As the name implies, conductivity level switches operate on the principle of electrical conductivity.
Electrodes located within containers at the point of control make or break contact with the conductive material, thus completing an electrical circuit which operates load contacts for pumps and solenoid valves or performs other control or alarm functions.
The schematic of a heavy-duty switch of this type is shown in figure below. When a source of alternating current is connected to the primary coil, a magnetic flux is set up which induces a voltage in the secondary coil. Current flows in the secondary coil however, only when the rising liquid completes the circuit between the two electrodes. Completion of the secondary coil circuit and the resultant current flow sets up a bucking action in the lower bar of the transformer core. This tends to divert lines of magnetic flux to the core legs and sets up an attraction that moves the armature, closing or opening load contacts.
One pair of contacts connect the secondary circuit to ground when liquid contacts the upper electrode and acts as a holding circuit to maintain the relay in its closed position until the liquid falls below the lower electrode. This holding circuit provides control of the load circuit through the bottom contacts of the relay over any desired range in the liquid level, depending upon the distance between the upper and lower electrodes.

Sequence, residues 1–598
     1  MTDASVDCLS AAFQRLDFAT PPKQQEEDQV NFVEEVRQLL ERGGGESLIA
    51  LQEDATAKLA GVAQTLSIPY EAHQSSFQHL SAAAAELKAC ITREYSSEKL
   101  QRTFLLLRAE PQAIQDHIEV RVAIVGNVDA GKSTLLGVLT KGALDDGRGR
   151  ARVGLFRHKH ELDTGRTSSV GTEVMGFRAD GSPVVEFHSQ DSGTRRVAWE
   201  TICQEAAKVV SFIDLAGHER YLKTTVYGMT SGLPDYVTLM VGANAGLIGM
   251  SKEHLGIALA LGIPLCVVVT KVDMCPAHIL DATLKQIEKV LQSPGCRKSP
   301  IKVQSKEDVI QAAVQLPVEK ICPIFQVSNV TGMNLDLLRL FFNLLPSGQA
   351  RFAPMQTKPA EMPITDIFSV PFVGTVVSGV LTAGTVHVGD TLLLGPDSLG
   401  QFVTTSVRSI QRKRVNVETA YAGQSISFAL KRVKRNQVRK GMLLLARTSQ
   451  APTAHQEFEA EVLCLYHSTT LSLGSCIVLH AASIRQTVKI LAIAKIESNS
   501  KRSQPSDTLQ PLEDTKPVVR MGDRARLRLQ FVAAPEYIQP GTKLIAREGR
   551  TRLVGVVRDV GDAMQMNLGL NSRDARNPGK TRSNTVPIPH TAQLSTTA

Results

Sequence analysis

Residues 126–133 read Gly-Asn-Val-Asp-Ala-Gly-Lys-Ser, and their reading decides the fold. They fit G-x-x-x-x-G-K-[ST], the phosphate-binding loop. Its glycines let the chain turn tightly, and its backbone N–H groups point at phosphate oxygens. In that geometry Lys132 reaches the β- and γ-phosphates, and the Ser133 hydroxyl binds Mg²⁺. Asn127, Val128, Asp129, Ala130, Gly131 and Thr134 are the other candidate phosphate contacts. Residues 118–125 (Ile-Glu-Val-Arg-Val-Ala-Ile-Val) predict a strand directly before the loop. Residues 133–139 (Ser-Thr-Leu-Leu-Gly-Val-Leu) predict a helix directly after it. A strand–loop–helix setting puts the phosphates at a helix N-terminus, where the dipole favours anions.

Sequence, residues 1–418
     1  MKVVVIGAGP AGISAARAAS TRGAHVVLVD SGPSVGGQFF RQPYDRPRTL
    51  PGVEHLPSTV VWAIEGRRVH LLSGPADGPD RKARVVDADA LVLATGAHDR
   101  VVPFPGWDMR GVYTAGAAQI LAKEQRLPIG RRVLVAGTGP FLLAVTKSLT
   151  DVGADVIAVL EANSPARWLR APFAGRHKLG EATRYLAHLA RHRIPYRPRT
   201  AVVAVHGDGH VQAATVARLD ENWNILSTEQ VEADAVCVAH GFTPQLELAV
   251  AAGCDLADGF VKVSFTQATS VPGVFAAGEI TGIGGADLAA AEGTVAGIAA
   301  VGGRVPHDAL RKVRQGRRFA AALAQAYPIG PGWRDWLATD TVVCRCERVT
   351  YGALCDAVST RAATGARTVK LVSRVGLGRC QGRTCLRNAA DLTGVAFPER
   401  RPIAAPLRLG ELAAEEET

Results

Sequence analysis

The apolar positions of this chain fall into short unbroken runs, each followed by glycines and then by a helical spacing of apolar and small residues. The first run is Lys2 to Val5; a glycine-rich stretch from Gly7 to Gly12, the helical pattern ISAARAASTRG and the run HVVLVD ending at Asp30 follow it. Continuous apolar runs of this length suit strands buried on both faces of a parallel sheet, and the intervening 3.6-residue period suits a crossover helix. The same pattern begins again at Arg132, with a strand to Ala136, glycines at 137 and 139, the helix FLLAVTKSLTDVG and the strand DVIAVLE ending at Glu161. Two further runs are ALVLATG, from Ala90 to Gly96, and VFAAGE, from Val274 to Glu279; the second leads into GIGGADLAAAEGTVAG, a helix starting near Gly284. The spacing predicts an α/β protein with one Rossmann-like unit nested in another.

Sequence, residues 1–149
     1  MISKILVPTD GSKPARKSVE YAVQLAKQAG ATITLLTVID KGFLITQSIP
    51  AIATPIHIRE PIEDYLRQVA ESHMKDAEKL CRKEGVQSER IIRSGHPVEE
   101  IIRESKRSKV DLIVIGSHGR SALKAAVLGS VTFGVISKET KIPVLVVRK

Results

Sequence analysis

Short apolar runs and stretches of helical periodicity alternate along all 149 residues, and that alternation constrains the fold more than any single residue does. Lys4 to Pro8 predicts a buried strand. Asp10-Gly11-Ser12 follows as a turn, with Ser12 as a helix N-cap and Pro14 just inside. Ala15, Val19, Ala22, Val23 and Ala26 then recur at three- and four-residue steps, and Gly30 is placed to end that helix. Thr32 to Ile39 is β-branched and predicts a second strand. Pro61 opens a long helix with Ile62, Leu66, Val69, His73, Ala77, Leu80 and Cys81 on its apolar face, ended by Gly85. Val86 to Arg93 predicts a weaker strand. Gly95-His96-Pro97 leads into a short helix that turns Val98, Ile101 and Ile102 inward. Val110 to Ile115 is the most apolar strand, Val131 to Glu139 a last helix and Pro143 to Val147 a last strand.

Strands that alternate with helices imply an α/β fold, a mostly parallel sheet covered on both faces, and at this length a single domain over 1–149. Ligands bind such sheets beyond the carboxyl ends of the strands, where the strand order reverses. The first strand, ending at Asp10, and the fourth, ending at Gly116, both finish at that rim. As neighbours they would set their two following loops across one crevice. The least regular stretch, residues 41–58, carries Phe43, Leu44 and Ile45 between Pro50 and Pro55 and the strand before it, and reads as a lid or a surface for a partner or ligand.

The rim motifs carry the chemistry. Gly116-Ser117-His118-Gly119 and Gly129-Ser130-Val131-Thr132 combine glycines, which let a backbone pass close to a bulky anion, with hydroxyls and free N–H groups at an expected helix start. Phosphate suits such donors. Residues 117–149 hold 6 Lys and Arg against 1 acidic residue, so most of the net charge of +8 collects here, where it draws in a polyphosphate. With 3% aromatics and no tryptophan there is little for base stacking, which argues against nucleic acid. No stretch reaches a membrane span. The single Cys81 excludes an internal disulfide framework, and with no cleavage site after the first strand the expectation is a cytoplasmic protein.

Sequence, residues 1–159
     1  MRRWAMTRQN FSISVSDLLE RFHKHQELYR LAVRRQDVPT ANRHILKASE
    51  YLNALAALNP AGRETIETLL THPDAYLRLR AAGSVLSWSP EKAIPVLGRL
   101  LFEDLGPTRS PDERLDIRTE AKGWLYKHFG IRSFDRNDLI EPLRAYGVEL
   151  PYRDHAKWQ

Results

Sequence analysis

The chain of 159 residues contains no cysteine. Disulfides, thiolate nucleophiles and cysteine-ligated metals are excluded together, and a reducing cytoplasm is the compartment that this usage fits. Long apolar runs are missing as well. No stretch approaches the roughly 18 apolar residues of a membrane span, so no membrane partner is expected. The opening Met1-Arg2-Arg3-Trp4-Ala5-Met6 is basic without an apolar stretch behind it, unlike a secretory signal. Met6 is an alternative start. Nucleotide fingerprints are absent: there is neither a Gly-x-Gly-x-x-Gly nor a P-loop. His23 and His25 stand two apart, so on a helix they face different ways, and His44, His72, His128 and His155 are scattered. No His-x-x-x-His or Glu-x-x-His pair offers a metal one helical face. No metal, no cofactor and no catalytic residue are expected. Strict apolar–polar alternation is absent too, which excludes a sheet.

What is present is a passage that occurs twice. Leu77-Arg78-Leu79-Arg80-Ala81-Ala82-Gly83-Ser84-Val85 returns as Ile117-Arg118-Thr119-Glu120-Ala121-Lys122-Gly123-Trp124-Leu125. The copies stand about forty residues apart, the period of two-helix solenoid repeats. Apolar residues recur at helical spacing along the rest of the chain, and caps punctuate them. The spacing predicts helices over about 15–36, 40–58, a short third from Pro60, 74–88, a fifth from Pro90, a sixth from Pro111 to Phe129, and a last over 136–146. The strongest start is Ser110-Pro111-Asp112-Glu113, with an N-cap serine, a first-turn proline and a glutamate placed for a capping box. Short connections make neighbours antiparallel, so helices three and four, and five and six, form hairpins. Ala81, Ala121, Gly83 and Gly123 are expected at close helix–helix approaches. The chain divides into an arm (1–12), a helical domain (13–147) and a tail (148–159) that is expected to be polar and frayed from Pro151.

The flow of current through the low energy secondary circuit is very small and varies with the voltage of the secondary coil. The secondary coil is selected to operate over the resistance of the liquid being controlled.
The two-electrode system shown operates a pump to maintain a desired level in a vessel -from a simple on-off action where one electrode and the container complete a circuit via the conductive material to multi-electrode assembly where several switch actions occur at various container levels.
Conductivity switches are economical and have no moving parts in contact with the measure material. Early, heavy-duty designs were used primarily on water applications because of the high energy levels which could result in sparking to produce fires or explosions. However, manufacturers now offer solid-state designs, operating at low energy levels, which can be considered intrinsically safe.